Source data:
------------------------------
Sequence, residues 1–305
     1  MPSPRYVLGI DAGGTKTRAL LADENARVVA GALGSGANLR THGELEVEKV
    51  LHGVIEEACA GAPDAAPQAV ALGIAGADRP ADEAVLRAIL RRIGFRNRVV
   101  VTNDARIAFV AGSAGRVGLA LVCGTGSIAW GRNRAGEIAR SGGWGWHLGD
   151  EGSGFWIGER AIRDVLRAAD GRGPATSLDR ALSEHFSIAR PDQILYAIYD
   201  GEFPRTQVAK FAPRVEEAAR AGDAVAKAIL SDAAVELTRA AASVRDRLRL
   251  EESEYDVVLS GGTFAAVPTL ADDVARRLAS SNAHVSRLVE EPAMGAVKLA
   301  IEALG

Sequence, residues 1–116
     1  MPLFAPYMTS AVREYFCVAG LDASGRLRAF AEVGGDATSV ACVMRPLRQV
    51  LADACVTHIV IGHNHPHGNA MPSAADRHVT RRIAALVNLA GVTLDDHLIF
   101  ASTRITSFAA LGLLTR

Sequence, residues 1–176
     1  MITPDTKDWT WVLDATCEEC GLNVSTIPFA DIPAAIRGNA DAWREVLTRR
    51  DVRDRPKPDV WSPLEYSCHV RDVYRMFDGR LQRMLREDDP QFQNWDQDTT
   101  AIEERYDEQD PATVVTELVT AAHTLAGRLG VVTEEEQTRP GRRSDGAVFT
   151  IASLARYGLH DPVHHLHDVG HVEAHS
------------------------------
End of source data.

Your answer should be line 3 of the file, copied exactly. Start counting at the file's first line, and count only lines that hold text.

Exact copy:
    51  LHGVIEEACA GAPDAAPQAV ALGIAGADRP ADEAVLRAIL RRIGFRNRVV